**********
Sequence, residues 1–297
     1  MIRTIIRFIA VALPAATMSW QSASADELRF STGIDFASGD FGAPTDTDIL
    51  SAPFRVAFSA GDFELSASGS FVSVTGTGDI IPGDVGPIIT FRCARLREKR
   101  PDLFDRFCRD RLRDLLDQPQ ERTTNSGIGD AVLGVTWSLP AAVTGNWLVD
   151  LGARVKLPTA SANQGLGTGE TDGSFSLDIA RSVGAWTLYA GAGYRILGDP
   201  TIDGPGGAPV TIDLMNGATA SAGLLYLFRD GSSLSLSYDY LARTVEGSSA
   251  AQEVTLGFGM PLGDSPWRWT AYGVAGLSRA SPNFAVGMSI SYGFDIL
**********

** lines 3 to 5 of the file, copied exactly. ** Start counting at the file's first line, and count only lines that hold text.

    51  SAPFRVAFSA GDFELSASGS FVSVTGTGDI IPGDVGPIIT FRCARLREKR
   101  PDLFDRFCRD RLRDLLDQPQ ERTTNSGIGD AVLGVTWSLP AAVTGNWLVD
   151  LGARVKLPTA SANQGLGTGE TDGSFSLDIA RSVGAWTLYA GAGYRILGDP